Mr. Barr’s timeline of two months of nonstop riots in Portland is also hyperbolic. Protests have ranged in size and violence levels, and the police have not declared the situation a riot every night. The Oregonian also reported that the courthouse was not a target of protests until July, when federal agents were dispatched to the city.

What Mr. Barr SAID

“The problem with the testing system was a function of President Obama’s mishandling of the C.D.C. and his efforts to centralize everything in the C.D.C.”

False. Mr. Barr, like Mr. Trump, was most likely referring to a “draft guidance” issued in 2014 by the Obama administration to regulate laboratory-developed tests necessary to track a pandemic. But the policy was never made final or enforced, undermining the argument that it was to blame for the scattered and insufficient delivery of coronavirus tests this year. The Centers for Disease Control and Prevention botched the development of its own tests, leaving the United States initially blind to the virus’s spread and behind other nations. (The Justice Department plays no role in procuring or distributing coronavirus tests.)

What Mr. Barr SAID

“The historical building on Lafayette Park was burned down. St. John’s was set on fire.”

This is exaggerated. When protesters gathered on June 1 in Lafayette Square, near the White House, as part of demonstrations in response to the killing of George Floyd while in police custody in Minneapolis, the authorities used tear gas and rubber bullets to clear the area of peaceful protesters. Mr. Trump then walked across the park for a photo opportunity in front of St. John’s Church. A day earlier, a small fire had been set in the basement of the church, but it was contained.

A spokesman for Washington’s Fire and Emergency Medical Services Department said that damage from the fires was largely negligible throughout the protests and that no buildings were permanently destroyed as many had sprinkler systems installed.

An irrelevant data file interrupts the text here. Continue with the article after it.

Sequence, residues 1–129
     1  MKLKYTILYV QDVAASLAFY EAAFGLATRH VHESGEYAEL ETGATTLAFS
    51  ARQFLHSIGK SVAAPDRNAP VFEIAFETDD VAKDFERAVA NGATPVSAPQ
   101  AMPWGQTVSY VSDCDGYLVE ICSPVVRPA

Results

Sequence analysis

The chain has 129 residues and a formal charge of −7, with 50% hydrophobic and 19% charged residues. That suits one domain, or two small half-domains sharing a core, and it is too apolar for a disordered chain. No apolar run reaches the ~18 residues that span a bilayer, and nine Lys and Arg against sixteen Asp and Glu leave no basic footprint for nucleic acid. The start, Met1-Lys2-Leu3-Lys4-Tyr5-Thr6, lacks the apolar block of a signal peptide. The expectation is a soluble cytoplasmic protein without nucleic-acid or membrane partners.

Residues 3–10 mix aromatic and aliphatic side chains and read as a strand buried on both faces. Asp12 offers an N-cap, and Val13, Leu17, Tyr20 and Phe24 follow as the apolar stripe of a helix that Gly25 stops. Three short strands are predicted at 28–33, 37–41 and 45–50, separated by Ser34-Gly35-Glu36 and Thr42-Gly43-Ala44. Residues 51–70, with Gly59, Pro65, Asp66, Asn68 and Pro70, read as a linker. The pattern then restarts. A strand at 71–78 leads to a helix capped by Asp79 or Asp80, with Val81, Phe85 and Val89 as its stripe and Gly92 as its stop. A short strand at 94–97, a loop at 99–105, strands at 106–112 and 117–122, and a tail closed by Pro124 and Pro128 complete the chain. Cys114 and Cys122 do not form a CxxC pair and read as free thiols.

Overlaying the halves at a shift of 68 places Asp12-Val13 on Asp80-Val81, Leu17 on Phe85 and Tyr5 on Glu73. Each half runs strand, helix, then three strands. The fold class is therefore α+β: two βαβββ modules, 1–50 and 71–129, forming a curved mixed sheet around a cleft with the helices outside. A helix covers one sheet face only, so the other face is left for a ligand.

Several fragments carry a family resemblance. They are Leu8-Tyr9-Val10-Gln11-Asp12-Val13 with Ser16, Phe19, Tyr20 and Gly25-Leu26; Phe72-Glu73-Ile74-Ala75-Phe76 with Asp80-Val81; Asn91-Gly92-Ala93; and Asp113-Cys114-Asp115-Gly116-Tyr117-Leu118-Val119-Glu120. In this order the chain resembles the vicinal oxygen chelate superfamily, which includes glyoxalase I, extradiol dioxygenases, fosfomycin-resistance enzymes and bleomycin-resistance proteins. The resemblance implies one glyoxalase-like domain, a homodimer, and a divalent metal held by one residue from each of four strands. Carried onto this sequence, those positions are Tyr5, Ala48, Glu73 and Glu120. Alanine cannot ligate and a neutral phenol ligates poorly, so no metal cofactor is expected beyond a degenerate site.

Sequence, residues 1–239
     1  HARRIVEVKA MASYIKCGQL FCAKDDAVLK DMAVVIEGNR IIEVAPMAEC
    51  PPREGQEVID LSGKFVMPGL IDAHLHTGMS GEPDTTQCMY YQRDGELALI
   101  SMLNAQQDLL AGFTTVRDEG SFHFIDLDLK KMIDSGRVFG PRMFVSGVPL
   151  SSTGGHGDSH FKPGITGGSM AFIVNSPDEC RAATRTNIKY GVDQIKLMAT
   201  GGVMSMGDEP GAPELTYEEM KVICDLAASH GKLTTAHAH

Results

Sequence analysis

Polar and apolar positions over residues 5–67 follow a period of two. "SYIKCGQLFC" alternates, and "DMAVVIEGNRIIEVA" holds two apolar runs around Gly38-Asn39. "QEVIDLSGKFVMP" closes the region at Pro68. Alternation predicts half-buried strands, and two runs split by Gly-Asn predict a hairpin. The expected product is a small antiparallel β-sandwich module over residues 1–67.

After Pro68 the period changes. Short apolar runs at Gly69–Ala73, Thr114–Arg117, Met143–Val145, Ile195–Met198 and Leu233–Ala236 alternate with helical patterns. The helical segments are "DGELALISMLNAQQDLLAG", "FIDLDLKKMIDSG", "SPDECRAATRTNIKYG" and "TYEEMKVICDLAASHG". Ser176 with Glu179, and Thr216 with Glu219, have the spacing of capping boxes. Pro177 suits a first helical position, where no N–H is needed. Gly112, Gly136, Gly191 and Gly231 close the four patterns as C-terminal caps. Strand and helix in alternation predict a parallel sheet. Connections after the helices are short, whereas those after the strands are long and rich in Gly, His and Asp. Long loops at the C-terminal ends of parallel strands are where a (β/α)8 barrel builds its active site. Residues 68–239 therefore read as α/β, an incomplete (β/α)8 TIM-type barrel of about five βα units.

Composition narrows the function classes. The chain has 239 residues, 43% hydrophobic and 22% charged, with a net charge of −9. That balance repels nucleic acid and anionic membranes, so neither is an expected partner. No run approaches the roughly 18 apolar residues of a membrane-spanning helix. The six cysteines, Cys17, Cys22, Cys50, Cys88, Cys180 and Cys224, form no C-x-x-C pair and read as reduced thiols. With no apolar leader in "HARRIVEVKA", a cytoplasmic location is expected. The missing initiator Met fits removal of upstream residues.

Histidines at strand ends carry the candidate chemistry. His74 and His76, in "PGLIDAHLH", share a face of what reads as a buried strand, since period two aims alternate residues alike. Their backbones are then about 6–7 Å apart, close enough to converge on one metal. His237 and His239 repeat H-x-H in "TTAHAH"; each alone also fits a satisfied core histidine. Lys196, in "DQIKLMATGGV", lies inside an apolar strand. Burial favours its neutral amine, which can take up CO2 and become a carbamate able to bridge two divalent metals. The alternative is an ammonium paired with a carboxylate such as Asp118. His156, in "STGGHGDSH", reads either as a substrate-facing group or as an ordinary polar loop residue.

Mr. Barr may have been referring to a utility and bathroom facility in Lafayette Square that was badly damaged, but not “burned down.” But other than its location in the park, the spokesman said, it had no historical significance.

What Mr. Barr Said

“Well, first, it is my understanding that no tear gas was used on Monday, June 1.”

This is misleading. The United States Park Police has said it did not use chloroacetophenone, or CS, gas, one of the most common types of tear gas. But it did use “smoke canisters and pepper balls” — and specifically products made by the PepperBall company — on protesters in Lafayette Square that day.

The C.D.C. defines the term “tear gas” as riot control agents made of chemical compounds that “temporarily make people unable to function by causing irritation to the eyes, mouth, throat, lungs and skin” — symptoms that protesters and reporters described experiencing in Lafayette Square.

Mr. Barr’s denial was also disputed by an Army National Guard officer who was present during the protests and who also testified to Congress on Tuesday.

“I could feel irritation in my eyes and nose, and based on my previous exposure to tear gas in my training at West Point and later in my Army training, I recognized that irritation as effects consistent with CS or tear gas,” Maj. Adam DeMarco wrote in his opening statement. “And later that evening, I found spent tear gas canisters on the street nearby.”

A 2009 Justice Department review on its use of less-lethal weapons classified the PepperBall system as a chemical agent and noted that it contains a “highly irritating pepper powder.”

A 2014 Justice Department assessment of the police response to the protests in Ferguson, Mo., similarly observed that PepperBalls “would likely cause a burning sensation” if the content touches the skin. Last year, Mr. Trump signed a law banning the export of certain munitions to Hong Kong police. That list included both tear gas and pepper balls.

What Mr. Barr Said

Representative Mary Scanlon, Democrat of Pennsylvania: “OK. But in fact, you have no evidence that foreign countries can successfully sway our elections with counterfeit ballots, do you?”

Mr. Barr: “No, I don’t, but I have common sense.”

This lacks evidence. Election officials and experts have widely rejected this idea as nearly impossible, noting that ballots are printed on very specific stock and often have specific tracking systems like bar codes.

“It’s so much more difficult than a cyberattack,” said Lawrence Norden, the director of the election reform program at the Brennan Center. “You’d not only have to attack the printer, you’d have to get information from the jurisdiction and get voter registration information. You’d have to have some way of mailing the ballots from an address and get the signature of the voter. It would be an exceptionally difficult attack.”

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https://www.nytimes.com/2020/07/29/us/politics/barr-trump-factcheck-congressional-testimony.html